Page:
With a soft landing in sight what can possibly go wrong? In a world of gloom and doom, we appreciate positive economic news. For example that the likelihood of a hard landing has receded, and a soft landing is now a possibility. A soft landing in economics is essentially where inflation comes down without plunging the economy into a recession. If this turns out to be correct, policymakers could be proud of their achievement of steering the global economy through these turbulent times and combating the cost-of-living crisis. Let us hope though that the economic soft landing will not suffer the same fate as the soft landing of Japan’s Smart Lander for Investigating Moon (SLIM) on the moon. Having achieved the remarkable feat of touching down within a few metres of its planned location (a first), it then toppled over. So close but still so far…
Improving living standards With the cost-of-living crisis gradually easing, economists can at last focus again on what really improves lives: economic growth. Economic growth would make it much easier to address the challenges of the future, from improving health-care services and modernising infrastructure to climate change. There the news is less good, with the UK economy more or less stagnating for a decade and flat lining since the COVID pandemic four years ago.
Waiting for Godot Labour, capital and – most of all – productivity growth are the drivers of economic growth. At the November Treasury Select Committee meeting, Dame Angela Eagle suggested that waiting for productivity growth was like waiting for Godot. To which Andrew Bailey, Governor of the Bank of England, reminds us that Godot never arrived.
Perhaps the next generation can help? Perhaps we just have to wait for the next generation to help us out? The latest Pisa education study published by the OECD in December makes for sober reading though. In the UK and much of the developed western world, educational attainment is declining. What is most worrying is that while the COVID pandemic can be blamed for the dramatic drop between 2018 and 2022 in many countries, the long-term trend is also negative.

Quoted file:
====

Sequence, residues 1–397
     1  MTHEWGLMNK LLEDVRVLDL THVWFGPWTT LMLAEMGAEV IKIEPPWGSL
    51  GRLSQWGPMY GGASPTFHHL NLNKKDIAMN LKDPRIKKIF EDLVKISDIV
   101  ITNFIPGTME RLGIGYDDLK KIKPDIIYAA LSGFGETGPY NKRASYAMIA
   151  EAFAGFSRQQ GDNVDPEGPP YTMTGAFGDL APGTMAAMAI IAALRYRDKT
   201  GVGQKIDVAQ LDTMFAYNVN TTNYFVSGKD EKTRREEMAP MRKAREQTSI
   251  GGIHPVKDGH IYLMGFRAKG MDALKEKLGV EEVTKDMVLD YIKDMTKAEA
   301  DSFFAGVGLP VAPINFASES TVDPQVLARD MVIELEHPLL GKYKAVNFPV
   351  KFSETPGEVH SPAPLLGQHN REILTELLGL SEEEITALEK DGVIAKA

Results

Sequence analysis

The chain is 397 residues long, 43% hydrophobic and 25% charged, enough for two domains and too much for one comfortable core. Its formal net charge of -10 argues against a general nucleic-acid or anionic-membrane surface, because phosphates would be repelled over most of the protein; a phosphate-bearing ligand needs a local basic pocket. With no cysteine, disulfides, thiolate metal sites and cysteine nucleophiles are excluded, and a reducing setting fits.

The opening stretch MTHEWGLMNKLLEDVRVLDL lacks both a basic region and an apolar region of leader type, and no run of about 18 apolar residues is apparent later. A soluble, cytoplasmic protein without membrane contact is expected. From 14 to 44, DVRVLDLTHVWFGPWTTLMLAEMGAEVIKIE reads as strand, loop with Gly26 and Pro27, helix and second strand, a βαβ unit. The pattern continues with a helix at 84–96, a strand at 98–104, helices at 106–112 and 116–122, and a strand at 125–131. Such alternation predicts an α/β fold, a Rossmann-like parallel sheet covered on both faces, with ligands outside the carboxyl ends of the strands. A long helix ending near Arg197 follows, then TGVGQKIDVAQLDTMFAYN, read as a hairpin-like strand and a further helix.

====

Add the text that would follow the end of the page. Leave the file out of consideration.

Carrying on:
AI to the rescue? If human intelligence isn’t improving (or at least our educational attainment isn’t), perhaps artificial intelligence can fill the gap? It has been said that 2023 was the year AI burst into our lives but that it will be 2024 that we will see the first fruits of productivity improvements. Some commentators have suggested that AI could be so transformative that we might see explosive, double-digit growth in the future. Others are not so sure, pointing to the modest historical record of previous technological change.
Back on planet earth The Bank of England forecasts zero growth this year, accelerating to 0.4% in 2025 and then 1.1% in 2026. We will have to wait at least a few more years for Godot.
We wish you a successful 2024.
Upcoming events and courses
Courses are currently delivered both online and in person. SPE Courses are run for professional analysts by economicsense on behalf of the Society of Professional Economists.
Cost-benefit analysis for non-economists 9.30am–12pm, 12, 13, 14 March 2024 Ideal for government analysts (outside economics), and policy and finance professionals who are involved in preparing and reviewing business cases and impact assessments. This course is run online. To book: Cost-benefit-analysis for non-economists
Economics for non-economists 9:30am-12pm, 11, 12, 13 June 2024 This course is aimed at everyone who wants to have a better understanding of economics. It is particularly useful for government analysts (outside economics), policy and finance professionals and non-economists in consultancies, think tanks or charities. It does not require any prior knowledge of economics or mathematics. To book: Economics for non-economists
SPE Courses Macroeconomics refresher and update 9.30am–4pm, 18, 19 March 2024 Professor Andy Ross returns for this popular two-day course run in person. The course sets out the key macro models in use today and relates them back to understanding key policy questions. To book: Macroeconomics – Refresher and Update
SPE Courses Overview of Cost-benefit analysis with applied example 9.30am–12.30pm, 14, 15, 16 May 2024 This popular course is ideal for analysts who want an overview of cost-benefit analysis. Run online over three half days we cover all basics of a good CBA and then bring the theory to life with an applied example conducted in excel. To book: Cost-Benefit Analysis with Applied Example